For those that don’t pay attention to the outside world, here’s a brief timeline of the events in Egypt over the past few weeks. First, know that the current Egyptian president, Hosni Mubarak, has been in office since 1981.
14 January – The Tunisian President Ben Ali was ousted as a result of rioting by the Tunisian people.
25 January – Riots began in Egypt in an attempt to oust Mubarak, largely due to the success of the Tunisian riots. The Egyptian government began sporadically blocking social media sites such as Facebook and Twitter in order to block communication between protesters.
27 January – Riots continued. The Egyptian government blocked text messaging services. In the evening of the 27, they almost entirely blocked Egypt from internet usage. Also announced were curfew hours for citizens in Egypt’s 3 major cities, which went by practically unenforced.
There have been tens of thousands of people involved in these riots. Police brutality is rampant, and there have been at least 105 deaths (although that number may actually be higher–it’s difficult to tell because of the media ban). The military has been called in to protect various important buildings from being damaged by protesters and looters, although they were not able to save some priceless artifacts and mummies from being destroyed in the Egyptian Museum. 1,000 prisoners have escaped in the chaos as well.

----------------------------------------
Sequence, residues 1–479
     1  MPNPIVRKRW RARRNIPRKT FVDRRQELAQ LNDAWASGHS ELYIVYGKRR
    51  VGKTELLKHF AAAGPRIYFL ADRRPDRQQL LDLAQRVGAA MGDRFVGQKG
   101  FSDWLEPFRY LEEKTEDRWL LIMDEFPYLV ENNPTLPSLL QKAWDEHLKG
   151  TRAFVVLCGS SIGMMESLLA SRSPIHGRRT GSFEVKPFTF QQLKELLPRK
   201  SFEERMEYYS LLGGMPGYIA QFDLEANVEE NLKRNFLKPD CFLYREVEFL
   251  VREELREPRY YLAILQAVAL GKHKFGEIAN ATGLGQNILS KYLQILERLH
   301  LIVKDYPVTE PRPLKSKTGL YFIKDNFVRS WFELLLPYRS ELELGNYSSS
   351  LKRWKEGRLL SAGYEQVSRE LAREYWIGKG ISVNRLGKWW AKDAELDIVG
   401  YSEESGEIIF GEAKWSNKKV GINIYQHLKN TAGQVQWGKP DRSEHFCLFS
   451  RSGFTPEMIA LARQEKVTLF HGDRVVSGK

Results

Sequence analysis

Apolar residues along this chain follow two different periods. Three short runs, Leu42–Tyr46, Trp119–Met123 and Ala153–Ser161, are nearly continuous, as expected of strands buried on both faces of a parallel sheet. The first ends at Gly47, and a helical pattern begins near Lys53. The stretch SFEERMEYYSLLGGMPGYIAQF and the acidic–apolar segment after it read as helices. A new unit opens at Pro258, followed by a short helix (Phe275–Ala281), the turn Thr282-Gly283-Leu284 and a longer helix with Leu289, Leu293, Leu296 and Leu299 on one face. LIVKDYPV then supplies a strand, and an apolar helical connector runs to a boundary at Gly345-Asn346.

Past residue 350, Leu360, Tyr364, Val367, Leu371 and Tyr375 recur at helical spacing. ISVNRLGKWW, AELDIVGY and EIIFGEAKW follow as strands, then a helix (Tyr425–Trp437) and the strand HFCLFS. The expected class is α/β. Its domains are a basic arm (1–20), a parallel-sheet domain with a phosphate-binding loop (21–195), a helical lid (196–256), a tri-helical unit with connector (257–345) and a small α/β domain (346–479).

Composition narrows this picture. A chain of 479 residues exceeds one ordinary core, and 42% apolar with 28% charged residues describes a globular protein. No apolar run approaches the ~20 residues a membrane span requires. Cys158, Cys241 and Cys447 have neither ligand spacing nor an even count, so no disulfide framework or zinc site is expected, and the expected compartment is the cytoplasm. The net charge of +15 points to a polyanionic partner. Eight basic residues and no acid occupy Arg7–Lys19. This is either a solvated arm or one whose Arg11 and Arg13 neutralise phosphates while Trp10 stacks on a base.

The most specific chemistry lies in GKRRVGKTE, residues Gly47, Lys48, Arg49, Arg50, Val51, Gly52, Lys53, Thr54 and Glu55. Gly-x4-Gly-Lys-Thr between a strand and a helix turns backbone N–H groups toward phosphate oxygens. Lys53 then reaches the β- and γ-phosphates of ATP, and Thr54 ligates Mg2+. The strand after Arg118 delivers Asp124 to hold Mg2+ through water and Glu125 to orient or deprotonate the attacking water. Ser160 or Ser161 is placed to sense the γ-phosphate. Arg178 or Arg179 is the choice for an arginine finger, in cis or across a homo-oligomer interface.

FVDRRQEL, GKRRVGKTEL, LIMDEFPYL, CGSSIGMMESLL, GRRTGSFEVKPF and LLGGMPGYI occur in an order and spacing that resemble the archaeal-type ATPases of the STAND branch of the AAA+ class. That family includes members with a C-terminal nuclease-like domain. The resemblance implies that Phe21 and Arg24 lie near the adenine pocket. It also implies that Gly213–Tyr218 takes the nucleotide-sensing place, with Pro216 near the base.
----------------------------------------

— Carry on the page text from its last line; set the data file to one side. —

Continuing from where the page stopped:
Reasons for the riots include Mubarak’s too-long authoritarian reign, emergency law, political corruption, police brutality, the economic situation, and the bombing of a Christian church on 1 January. Egypt is currently under “emergency law,” and has been since 1967 (except for 18 months in the 80s). Emergency law legalizes censorship, suspends constitutional rights, extends police power, and bans street demonstrations. Economic tensions are present largely because 40 percent of Egyptians are living on $2 USD a day.
For those who want to continue following the events in Egypt, CNN has been providing constant updates online and on their international network.